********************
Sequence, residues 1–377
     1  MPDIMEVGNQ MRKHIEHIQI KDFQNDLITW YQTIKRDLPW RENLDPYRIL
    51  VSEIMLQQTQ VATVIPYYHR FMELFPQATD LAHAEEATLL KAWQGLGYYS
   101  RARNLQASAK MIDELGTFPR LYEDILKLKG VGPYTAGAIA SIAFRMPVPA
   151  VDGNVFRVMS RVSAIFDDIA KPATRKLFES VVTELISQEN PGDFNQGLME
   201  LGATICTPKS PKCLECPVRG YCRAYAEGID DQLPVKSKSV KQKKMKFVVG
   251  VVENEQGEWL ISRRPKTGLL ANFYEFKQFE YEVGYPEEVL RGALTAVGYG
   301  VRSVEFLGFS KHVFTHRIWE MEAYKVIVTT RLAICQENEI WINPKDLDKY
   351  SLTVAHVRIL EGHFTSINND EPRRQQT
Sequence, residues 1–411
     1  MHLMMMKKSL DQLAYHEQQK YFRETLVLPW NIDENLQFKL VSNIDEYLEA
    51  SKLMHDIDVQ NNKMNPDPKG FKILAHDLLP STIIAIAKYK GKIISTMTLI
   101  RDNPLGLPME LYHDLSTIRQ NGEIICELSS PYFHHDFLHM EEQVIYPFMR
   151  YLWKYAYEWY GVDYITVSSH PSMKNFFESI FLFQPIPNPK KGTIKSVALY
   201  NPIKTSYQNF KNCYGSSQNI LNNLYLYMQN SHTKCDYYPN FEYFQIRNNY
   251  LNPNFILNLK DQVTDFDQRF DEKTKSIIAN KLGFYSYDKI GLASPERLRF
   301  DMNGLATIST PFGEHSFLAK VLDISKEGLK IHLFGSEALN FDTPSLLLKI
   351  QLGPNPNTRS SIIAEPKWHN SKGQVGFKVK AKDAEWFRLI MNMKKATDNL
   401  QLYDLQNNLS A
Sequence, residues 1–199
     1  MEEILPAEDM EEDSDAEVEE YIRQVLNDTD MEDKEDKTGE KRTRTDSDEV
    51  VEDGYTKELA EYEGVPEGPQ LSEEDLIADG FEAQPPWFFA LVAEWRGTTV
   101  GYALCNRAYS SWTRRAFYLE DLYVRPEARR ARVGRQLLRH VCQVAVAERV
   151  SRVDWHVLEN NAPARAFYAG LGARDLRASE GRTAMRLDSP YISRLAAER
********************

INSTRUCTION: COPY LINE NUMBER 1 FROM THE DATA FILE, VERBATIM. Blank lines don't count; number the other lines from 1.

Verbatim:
Sequence, residues 1–377